My storytelling game The Dreaming Crucible is published under a Creative Commons Attribution Share-Alike license, which means that while I do sell it as a handmade book, you’re free to make any use you like of the game’s text, commercial or otherwise, so long as you credit me and allow others to use your work under the same conditions.
That being the case, it’s high time I started releasing the Crucible’s text on the internet. Before too long the whole game will be available in wiki form; in the meantime I’m going to showcase the more significant portions in a series of blog posts. I’ll start with the Principles of Play, which are a set of guiding precepts that function as a baseline approach to playing the game, on which particular rules and specific narrative and collaborative techniques can be built.
Have a look: Continue reading The Dreaming Crucible: Principles of Play
I played a session of my game The Dreaming Crucible with my friends Jake and Nick and Neil who was visiting from the UK. It was a happy and robust play session, with creative cylinders fully firing from all the participants. Not only did I enjoy playing with them, but I learned a lot about how the game works, namely:
We excel when we lift one another up.
The game was fun because we all built on each other’s contributions at each moment in play. We could easily have been four individual creators, each plotting our own brilliant artistic statement with our own story material. Each individual statement could maybe have been artful and satisfying, even brilliant. We might have even been courteous and generous in allowing each other space to build our little artistic towers, not crowding each other and jostling each other for the spotlight. We might have all created something we could look back on and say, yes, it was good.
But none of that compares to the glory that bursts forth when we lift one another other up. Continue reading Lifting Up
As promised a couple of weeks ago, I’m taking a look at Stephen Nachmanovitch’s Free Play: Improvisation in Life and Art to see how it integrates with my current understanding of creativity, spontaneity and collaboration. It was one of my first encounters with the subject a decade ago, and I want to see how I relate to it now and deepen my understanding and practice.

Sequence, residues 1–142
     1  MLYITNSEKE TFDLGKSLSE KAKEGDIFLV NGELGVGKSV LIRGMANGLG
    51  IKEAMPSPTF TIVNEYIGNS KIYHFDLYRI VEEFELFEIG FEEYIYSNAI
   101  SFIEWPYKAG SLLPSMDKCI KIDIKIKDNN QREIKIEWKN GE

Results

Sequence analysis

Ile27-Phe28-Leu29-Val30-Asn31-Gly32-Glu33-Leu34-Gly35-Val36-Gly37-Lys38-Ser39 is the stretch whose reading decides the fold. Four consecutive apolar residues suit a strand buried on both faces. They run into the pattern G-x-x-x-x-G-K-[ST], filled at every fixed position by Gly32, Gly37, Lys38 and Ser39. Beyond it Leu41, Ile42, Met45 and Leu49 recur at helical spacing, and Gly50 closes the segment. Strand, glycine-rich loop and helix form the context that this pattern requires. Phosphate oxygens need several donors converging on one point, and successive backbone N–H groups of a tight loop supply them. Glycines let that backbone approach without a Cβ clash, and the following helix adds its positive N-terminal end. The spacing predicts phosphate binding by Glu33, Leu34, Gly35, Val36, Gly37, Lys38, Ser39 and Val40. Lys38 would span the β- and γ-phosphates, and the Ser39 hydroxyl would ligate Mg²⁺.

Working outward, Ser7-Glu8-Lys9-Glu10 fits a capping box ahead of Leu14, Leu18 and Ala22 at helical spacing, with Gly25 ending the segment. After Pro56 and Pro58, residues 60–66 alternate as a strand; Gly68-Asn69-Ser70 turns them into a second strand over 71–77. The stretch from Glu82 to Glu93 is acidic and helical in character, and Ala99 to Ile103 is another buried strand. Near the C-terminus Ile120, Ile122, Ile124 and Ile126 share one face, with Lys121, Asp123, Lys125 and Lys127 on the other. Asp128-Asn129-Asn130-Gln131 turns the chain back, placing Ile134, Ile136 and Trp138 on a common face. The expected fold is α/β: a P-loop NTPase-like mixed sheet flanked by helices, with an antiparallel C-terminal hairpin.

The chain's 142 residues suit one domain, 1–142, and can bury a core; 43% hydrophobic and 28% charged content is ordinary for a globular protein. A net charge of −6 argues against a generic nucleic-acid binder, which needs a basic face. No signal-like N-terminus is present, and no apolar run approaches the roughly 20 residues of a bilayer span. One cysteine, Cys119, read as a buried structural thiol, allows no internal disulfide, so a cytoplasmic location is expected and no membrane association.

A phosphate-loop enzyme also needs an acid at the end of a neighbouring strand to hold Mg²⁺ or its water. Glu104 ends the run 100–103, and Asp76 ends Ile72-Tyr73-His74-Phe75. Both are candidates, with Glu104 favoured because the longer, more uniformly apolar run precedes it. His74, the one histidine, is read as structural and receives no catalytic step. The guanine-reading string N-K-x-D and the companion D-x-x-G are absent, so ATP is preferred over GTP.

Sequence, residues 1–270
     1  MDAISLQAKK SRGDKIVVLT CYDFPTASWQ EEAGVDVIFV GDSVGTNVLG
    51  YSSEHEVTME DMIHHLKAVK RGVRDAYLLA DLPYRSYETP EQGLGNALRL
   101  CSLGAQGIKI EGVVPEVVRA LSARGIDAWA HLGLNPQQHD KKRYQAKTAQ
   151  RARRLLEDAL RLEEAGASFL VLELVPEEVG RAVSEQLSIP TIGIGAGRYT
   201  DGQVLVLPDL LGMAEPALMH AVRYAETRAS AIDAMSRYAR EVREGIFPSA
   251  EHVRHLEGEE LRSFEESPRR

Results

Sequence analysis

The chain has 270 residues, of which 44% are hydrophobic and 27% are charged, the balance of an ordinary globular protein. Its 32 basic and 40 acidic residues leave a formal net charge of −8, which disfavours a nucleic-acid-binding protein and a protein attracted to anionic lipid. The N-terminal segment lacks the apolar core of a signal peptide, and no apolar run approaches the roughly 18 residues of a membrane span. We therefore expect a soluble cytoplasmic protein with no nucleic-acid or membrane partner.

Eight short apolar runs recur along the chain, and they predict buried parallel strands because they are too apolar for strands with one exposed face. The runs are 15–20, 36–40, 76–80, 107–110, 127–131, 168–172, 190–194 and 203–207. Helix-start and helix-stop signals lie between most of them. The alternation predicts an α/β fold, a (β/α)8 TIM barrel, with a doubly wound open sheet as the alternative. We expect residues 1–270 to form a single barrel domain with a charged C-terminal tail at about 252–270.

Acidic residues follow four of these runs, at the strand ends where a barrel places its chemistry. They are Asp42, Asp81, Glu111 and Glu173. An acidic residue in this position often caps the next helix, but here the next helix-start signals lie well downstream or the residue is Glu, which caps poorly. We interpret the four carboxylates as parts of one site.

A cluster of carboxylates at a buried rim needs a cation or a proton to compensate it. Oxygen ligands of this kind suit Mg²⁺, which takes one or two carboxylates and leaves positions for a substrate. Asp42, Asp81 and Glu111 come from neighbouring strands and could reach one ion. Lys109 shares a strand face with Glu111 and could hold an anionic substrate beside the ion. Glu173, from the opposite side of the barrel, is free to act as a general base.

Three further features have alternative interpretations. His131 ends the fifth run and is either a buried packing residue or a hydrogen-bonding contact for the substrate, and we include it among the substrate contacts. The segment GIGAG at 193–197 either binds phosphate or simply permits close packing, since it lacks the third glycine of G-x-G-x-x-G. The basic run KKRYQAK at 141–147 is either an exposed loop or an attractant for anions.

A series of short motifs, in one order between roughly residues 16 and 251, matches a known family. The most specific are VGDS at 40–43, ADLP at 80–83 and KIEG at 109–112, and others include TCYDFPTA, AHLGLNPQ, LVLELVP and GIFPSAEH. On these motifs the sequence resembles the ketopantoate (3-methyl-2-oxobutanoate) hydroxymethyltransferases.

Section 1: “The Sources” talks about creativity, what it “is” and where it “comes from.” He describes the goal of the improviser as “moment-to-moment nonstop flow.” The process looks something like: allow yourself to be in the moment, relax and let one moment flow into the next, sculpting your art in real time, daring to express your inmost nature. In that way you can free yourself to create for the sheer joy of the act itself, and ultimately “disappear” in the absolute immersion of the work.
Sure, sounds simple enough, but how, right? Well, there are lots of techniques and practices that aim toward this. But there’s no easy “spontaneous creativity” switch inside a person that they can throw and let it out. It’s a process, a wax-on, wax-off journey that develops the skill by practicing it until it becomes as natural as breathing. Continue reading Free Play 1 – The Sources
10 years or so ago I picked up a little book called Free Play: Improvisation in Life and Art by Stephen Nachmanovitch. It lit up my whole switchboard and gave me a philosophy and direction for creative living. Its subtitle even found its way unconsciously into Story by the Throat’s tagline. This book was one of the first sources to talk about something I had a thirst for. I read it over and over, soaking up Stephen’s exciting ideas.
But now a decade later I find I’m barely closer to realizing these principles in my own life. So I’m going to take a closer look, step by step, and see how Free Play‘s concepts connect with the other things I’ve learned and experienced with creativity, spontaneity and collaboration.
I’ll begin delving into it in the next few days. Meanwhile, I present the Japanese folk tale from the book’s prologue. It speaks volumes all by itself: Continue reading Free Play: a Flute and a Prologue